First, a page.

Work From Home: Who Gains and Who Does Not?

Pilar Yildirim, Marketing, The Wharton School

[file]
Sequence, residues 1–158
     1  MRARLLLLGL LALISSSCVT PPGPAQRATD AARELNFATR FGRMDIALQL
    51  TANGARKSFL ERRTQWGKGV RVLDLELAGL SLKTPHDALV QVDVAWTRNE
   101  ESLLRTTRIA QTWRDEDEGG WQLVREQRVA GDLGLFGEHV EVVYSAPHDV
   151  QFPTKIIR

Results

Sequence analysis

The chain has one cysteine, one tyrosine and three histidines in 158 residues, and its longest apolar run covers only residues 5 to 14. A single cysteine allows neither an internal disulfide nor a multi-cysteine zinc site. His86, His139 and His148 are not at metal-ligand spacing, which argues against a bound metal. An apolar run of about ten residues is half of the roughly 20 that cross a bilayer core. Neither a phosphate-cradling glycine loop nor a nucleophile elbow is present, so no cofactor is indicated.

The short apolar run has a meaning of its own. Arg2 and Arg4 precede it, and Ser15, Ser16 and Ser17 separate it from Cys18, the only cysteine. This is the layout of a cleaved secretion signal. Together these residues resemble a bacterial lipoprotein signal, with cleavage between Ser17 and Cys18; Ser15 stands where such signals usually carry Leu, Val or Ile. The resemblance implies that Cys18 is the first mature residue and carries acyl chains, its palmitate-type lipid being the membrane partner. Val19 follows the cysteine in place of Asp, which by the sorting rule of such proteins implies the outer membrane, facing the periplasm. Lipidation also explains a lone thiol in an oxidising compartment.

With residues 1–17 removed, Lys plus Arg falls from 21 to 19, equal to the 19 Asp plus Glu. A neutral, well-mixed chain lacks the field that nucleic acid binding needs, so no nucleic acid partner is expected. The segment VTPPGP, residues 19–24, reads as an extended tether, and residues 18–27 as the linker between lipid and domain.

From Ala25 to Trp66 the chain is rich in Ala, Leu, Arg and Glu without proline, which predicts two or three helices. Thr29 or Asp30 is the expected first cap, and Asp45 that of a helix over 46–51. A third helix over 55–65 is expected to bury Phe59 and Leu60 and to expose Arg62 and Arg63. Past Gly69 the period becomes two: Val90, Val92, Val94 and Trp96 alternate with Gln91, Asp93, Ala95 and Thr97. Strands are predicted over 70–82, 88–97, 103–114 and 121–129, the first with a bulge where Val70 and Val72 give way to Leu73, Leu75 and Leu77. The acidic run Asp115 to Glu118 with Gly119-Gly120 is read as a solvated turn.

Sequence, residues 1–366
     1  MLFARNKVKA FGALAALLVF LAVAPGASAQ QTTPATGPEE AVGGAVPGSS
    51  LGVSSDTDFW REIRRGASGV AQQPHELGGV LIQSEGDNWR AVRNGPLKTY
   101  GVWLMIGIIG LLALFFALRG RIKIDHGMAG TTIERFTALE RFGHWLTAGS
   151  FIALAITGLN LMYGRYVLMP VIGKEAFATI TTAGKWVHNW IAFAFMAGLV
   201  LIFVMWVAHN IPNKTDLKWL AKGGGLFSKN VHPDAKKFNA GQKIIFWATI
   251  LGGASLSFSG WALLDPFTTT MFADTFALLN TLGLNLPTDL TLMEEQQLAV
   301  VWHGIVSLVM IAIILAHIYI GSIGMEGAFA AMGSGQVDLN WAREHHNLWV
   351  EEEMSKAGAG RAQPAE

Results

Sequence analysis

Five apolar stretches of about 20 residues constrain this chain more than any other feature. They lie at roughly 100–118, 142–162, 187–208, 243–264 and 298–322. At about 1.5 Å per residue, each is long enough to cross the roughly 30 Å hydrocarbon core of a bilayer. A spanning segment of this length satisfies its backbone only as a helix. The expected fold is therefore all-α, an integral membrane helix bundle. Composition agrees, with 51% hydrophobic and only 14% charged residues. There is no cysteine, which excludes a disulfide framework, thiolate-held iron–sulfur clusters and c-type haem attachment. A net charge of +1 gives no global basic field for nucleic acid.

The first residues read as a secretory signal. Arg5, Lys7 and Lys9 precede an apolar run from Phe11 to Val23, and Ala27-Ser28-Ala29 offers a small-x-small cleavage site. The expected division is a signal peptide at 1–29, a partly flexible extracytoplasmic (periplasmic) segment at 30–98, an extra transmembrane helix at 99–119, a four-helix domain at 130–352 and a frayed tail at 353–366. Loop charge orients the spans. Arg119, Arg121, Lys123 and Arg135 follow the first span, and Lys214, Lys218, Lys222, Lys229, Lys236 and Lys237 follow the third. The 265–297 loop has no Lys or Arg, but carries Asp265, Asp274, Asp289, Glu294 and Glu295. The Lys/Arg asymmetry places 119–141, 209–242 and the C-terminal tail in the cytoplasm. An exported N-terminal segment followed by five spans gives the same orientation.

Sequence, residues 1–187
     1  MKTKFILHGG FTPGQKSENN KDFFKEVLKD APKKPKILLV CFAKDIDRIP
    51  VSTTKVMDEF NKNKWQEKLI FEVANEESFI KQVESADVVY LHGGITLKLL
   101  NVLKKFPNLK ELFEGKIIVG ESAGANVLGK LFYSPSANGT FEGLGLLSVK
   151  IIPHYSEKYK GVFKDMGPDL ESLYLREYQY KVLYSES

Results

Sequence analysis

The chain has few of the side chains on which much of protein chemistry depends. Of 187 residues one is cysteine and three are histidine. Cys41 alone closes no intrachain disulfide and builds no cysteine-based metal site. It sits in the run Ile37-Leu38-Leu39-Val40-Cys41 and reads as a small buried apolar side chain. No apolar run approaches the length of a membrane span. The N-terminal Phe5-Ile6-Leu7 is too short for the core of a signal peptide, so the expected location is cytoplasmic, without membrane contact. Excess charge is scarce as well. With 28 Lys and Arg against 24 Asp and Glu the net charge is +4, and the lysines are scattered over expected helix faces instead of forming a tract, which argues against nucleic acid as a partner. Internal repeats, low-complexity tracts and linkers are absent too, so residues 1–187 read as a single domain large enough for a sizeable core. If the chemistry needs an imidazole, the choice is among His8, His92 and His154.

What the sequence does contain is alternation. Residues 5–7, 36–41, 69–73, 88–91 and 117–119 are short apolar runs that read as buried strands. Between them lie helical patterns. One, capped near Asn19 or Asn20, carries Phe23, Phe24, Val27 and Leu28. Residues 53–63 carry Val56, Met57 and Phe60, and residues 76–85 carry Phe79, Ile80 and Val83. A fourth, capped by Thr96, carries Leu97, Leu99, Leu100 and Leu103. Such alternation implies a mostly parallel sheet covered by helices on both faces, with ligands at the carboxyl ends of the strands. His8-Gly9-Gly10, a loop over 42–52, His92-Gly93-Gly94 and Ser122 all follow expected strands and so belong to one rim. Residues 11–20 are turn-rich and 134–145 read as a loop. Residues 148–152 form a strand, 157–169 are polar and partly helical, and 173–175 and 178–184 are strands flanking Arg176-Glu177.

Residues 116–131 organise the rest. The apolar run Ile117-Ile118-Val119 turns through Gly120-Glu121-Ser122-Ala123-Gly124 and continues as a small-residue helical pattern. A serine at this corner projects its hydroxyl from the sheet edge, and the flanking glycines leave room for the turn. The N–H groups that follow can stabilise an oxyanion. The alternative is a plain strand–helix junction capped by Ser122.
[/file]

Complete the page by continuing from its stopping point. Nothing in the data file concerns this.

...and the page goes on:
Abstract: A growing share of the U.S. labor market adapted remote work or work from home (WFH) practices following the COVID-19 pandemic of 2019. WFH stands to fundamentally alter the conditions of work for employees, while altering the practice of management for supervisors. On the one hand, WFH introduces flexibility in the working conditions of employees. Workers cite that the main reasons to prefer working from home are the ability to care for others, the comfort of the physical environment, the time savings from not commuting (Bloom et al 2022). On the management side, however, it is not clear if the benefits are as obvious. There is a preference for WFM for both workers and managers. The consequences of this shift, however, are not adequately studied. On the other hand, WFM brings along managerial challenges, most related about the observations of worker’s effort. Particularly, when work is generated as a team output, monitoring workers and determining who exerted effort and rightfully rewarding work create further challenges. On the other hand, working from home can quickly turn into shirking from home, since monitoring is not adequate in this environment. In this study, considering the benefits and costs of WFM, we consider two questions: (1) who has an incentive to work from home, (2) how is team coherence and work performance impacted when individuals work from home?